How are you?
Thought it might amuse you receiving a sort of Christmas card via this blog thing that I do.
We are doing well. 2014 was good to us. I have the usual regrets of not seeing enough of my favourite people. Life plods on though, eh?
The boys are really well. L___declared he loves writing! Can you imagine that? He clearly doesn’t take after any of the men on his mother’s side. Perhaps he takes more after us ladies? Actually, what am I talking about – Grandad’s poems are pretty super aren’t they? But you know what I mean.
On an equally bemusing note, little stubborn S___ got awarded a leaf of kindness at school this term. Yes, I know. That same little boy who can cry for 6 hours straight if you don’t give him a biscuit is, apparently, a role model for all the other four-year-olds in his class. I’m being mean. He’s such a loving boy to us all, I’m just surprised he’s showing that side to authority! Good for him I say.
And as for T___, he’s enjoying his last year at home with his Mummy, and I am enjoying having him to myself. He’s only had the 3 trips to casualty this year, so he’s a long way behind how his Uncle J___ was doing at his age. I won’t lie, it’s a bit of a worry, but now we have pretty much padded the whole house, I’m feeling slightly more confident 2015 will be bump-free. Fingers crossed.
Speaking of padded houses, our extension work has begun in earnest. Big holes, lots of mud, and diggers in the back. The boys don’t watch telly anymore, they just stare out of the window giving the builders the eeby jeebys. You would not recognise the place since you last came down. Do you remember when you were last here and we squeezed around the table eating those lovely sausages? Still got that table. It only table’s could talk…..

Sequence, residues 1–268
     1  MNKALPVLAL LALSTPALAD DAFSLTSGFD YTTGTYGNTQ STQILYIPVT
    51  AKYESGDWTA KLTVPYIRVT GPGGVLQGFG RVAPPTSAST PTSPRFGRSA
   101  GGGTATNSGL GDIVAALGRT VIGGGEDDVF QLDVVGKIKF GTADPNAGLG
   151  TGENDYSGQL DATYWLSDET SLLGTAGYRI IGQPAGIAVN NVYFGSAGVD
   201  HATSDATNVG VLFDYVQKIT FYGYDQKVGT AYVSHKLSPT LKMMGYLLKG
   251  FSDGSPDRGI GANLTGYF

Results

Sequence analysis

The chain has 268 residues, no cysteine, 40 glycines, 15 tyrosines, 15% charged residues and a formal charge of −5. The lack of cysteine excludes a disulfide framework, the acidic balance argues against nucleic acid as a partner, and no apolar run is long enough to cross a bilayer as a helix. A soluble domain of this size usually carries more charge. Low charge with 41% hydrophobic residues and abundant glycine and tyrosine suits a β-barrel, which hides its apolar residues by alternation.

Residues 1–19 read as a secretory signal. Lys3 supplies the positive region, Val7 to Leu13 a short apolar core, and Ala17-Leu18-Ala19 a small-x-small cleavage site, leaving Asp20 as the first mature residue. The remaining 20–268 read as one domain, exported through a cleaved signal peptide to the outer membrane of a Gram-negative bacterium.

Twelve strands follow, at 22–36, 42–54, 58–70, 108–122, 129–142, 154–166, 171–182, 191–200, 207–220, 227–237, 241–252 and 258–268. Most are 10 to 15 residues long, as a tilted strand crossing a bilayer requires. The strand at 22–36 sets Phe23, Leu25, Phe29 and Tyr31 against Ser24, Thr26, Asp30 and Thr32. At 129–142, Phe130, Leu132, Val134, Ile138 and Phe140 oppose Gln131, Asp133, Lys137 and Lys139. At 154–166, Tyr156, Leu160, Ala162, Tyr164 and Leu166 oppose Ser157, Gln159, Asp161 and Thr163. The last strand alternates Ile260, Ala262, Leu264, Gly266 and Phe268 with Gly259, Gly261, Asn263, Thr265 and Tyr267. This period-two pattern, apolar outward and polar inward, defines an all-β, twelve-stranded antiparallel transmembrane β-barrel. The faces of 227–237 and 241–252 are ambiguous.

We’re nearly all set for Christmas. Few more prezzies to wrap. Wish I’d got the kids a bit more, but what they don’t get, I don’t think they’ll miss. Nanna Boat is going to knit them a jumper each. It’s nice still having a Nanna knit. I miss yours.
Mum threatens to knit us something now and then, but she’s more taken with the sewing machine. Sorry, I never really got on with it, but it’s good to know Mum is putting it to good use. It’s also a lot happier in their lovely home rather than in the crayon-marked chaos that ensues here!
Wish we could get to see you over the next few days. Can’t believe it’s so many years since we spent a Chrsitmas together; since we had those lemon parsnips, and the chestnut stuffing, and the glass of sherry and the after eights.
I’d love to listen to Grandad whistling while you manned the pressure cooker. Perhaps I’d flick through your readers’ digest, admire the garden. But I can’t. I guess that’s life. Or at least, I guess that’s death. Ha.
As a child, when old people died I remember thinking that adults were just equipped to cope with the inevitability of bereavement. But we’re not, are we? I’m not anyway. It never gets any easier, does it? Especially not at Christmas.
It’s funny really, isn’t it, how hard I find it to make the kids’ Christmas as good as you and everyone made mine. When you think about it, we didn’t do that much come Christmas day, did we? Ate too much homemade food, watched the film (it was always Star Wars, wasn’t it? How do I still not have a clue what happens in Star Wars?), had a cuddle and a giggle, put on the Nanna knitwear.
When I think of all the adventurous things I’ve done in my life, it’s those predictable, ploddy Christmas days that I’d like to bottle and share with my new little family once a year. There’s a lesson in there somewhere.
Talking of plodding, I’d better say bye now and plod off to bed. Kids will be up before I know it. They’re getting excited now. It’s lovely, isn’t it? I wish you could see them.